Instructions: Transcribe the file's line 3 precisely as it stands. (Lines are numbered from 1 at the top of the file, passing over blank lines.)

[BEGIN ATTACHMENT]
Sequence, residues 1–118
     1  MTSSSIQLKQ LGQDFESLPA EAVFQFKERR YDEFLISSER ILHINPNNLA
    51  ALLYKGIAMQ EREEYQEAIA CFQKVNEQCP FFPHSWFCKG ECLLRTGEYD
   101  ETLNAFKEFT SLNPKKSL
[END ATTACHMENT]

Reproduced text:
    51  ALLYKGIAMQ EREEYQEAIA CFQKVNEQCP FFPHSWFCKG ECLLRTGEYD